The reletionship between financial liberalization and economic growth in Kenya.
Chacha, Moronya D
MetadataShow full item record
Financial liberalization in Kenya is much more recent. Ceilings on bank lending rates were not removed until July 1991. The central bank continued to announce guidelines for the sectoral composition of bank credit expansion, although these were not strictly enforced after interest rate liberalization. Although the Kenyan authorities have allowed market forces to play a relatively influential role in the financial system, the government maintains a formidable presence in the financial sector. The primary function of the central bank is toregulate the flow of money and credit in order to maintain economic stability, efficiency and growth of the country. To earn profit is the secondary objective of the Central Bank but the main motive is to regulate the monetary and credit system of the country and to foster its growth in the best national interest with a view to securing monetary stability and full utilization of the country's productive resources. These regulations provide guidelines for opening of accounts, limit against advances, setting up of internal audit system, requirement for minimum capital and reserves for a banking company, maintenance of liquidity assets for every banking company, detecting banking frauds etc. The Central Bank of Kenya was established in May 1966. The powers and operations of the Central Bank of Kenya are governed by the Central Bank of Kenya Act 1966, and the Banking Act 1968. The study used descriptive technique and carried out a meta- analysis study. This study exclusively secondary data. The study used Statistical Package for Social Sciences for data analysis (SPSS) to analyze the data and the data findings were presented in tables and figures. The study carried out regression analysis to establish the relationship. The study findings established that in the year 2003, the lending rates were rates were 16.37%. These rates decreased in the year 2004 to 12.53%. Since then, the lending interest rates increased gradually to 19.65% by the year 2011. In the year 2012, there was a rapid increase in lending interest rates whereby the rates increased to 19.65%. Foreign assets as found by the study had been increasing over the study period with exception of the 2008 financial year. Foreign assets stood at USD. 110,991 million in the year 2003. Foreign assets increased thereafter to stand at USD. 115,774. After the year 2007, foreign investment dropped slightlyin the year 2008 to USD 223,549before picking up a positive trend again from the year 2009 till 2012 were it amounted to USD 374,457. The study inferences established a positive perfect correlation between the dependent variable, Financial Liberalization and the independent/ explanatory variable, Economic growth as evidenced by the empiricism from the operational variables in lieu of the currentaccount, Lending rates and Capital controls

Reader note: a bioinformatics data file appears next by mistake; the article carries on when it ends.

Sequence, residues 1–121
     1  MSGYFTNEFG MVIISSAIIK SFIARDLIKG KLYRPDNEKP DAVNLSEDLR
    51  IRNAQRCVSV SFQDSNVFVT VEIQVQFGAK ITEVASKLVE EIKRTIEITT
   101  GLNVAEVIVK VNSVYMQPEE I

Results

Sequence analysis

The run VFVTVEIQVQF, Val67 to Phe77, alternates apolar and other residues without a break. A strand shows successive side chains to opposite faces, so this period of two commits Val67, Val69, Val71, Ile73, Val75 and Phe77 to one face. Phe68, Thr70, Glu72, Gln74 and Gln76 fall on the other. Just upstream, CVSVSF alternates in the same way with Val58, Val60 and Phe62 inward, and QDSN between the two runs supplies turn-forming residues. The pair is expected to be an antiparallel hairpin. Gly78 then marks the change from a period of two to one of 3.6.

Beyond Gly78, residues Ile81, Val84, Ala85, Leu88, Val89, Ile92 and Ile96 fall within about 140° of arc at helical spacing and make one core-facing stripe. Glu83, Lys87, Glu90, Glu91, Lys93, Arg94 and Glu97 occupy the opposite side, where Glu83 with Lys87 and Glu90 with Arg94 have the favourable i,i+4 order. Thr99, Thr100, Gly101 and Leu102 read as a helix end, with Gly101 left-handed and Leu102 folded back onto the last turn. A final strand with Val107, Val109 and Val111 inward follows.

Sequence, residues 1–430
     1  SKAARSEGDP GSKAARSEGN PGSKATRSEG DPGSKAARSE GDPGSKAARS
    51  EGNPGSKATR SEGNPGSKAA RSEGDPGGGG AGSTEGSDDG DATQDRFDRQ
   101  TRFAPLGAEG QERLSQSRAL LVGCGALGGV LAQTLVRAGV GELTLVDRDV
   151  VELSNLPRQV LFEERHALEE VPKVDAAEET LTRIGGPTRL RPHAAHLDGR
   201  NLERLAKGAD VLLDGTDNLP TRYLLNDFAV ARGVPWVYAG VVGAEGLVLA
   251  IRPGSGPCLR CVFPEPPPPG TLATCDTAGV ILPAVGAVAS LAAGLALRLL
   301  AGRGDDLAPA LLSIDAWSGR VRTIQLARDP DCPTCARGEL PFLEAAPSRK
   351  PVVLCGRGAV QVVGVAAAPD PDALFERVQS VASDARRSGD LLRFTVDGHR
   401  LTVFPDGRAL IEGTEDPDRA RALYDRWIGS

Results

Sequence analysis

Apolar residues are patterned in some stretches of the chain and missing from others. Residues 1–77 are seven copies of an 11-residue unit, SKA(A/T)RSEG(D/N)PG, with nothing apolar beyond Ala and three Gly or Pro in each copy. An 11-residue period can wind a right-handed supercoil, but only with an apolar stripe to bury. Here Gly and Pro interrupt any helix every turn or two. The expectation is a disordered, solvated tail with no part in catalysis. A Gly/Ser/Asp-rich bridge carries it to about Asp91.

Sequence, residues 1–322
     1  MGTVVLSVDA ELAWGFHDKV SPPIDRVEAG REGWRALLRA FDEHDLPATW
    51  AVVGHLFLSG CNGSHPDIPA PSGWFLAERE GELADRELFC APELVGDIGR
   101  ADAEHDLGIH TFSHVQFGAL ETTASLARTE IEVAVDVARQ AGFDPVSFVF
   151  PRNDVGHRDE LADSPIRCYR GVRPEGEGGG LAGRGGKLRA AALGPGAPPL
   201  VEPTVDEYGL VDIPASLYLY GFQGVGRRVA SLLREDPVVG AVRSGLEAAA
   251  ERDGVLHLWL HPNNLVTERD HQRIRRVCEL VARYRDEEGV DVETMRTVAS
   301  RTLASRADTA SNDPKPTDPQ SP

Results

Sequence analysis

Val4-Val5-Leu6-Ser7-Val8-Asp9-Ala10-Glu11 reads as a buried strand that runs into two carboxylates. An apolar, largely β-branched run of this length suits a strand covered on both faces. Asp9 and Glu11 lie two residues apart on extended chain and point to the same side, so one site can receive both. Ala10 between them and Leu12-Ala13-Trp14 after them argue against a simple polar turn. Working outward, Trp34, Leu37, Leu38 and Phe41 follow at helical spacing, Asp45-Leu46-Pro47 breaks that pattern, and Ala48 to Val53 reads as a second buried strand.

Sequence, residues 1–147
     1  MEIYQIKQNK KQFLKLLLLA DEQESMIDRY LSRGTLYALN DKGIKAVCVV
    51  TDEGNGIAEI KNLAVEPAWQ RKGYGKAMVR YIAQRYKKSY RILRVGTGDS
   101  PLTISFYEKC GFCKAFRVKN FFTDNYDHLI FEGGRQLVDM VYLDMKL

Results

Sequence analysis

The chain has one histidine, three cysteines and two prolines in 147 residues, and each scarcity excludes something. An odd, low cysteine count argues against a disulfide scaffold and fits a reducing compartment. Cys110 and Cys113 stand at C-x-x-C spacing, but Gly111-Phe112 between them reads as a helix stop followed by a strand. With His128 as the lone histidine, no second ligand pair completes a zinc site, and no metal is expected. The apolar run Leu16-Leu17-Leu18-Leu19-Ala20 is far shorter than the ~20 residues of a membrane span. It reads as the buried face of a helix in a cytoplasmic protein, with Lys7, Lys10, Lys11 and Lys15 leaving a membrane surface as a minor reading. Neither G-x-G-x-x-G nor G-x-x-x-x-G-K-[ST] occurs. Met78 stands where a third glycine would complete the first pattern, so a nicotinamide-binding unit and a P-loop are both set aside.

CitationHerrick O. & Chacha M.D. (2018). The reletionship between financial liberalization and economic growth in Kenya. 𝘈𝘑𝘉𝘜𝘔𝘈 𝘑𝘰𝘶𝘳𝘯𝘢𝘭 4(3),53-79
African Journal Of Business And Management